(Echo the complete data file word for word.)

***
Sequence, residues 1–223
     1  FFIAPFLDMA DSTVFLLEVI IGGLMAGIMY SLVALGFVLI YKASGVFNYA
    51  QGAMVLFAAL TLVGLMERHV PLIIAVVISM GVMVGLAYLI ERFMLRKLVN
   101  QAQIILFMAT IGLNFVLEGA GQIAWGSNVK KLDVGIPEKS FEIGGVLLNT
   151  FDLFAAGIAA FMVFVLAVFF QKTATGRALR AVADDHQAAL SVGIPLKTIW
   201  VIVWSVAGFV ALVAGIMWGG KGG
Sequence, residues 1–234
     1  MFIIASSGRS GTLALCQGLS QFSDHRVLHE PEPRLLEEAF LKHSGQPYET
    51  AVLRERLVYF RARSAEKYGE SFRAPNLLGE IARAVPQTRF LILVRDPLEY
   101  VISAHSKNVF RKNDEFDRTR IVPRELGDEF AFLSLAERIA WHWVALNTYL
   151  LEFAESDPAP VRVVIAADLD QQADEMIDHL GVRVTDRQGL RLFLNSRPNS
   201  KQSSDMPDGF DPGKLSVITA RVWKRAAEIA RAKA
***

Sequence, residues 1–223
     1  FFIAPFLDMA DSTVFLLEVI IGGLMAGIMY SLVALGFVLI YKASGVFNYA
    51  QGAMVLFAAL TLVGLMERHV PLIIAVVISM GVMVGLAYLI ERFMLRKLVN
   101  QAQIILFMAT IGLNFVLEGA GQIAWGSNVK KLDVGIPEKS FEIGGVLLNT
   151  FDLFAAGIAA FMVFVLAVFF QKTATGRALR AVADDHQAAL SVGIPLKTIW
   201  VIVWSVAGFV ALVAGIMWGG KGG
Sequence, residues 1–234
     1  MFIIASSGRS GTLALCQGLS QFSDHRVLHE PEPRLLEEAF LKHSGQPYET
    51  AVLRERLVYF RARSAEKYGE SFRAPNLLGE IARAVPQTRF LILVRDPLEY
   101  VISAHSKNVF RKNDEFDRTR IVPRELGDEF AFLSLAERIA WHWVALNTYL
   151  LEFAESDPAP VRVVIAADLD QQADEMIDHL GVRVTDRQGL RLFLNSRPNS
   201  KQSSDMPDGF DPGKLSVITA RVWKRAAEIA RAKA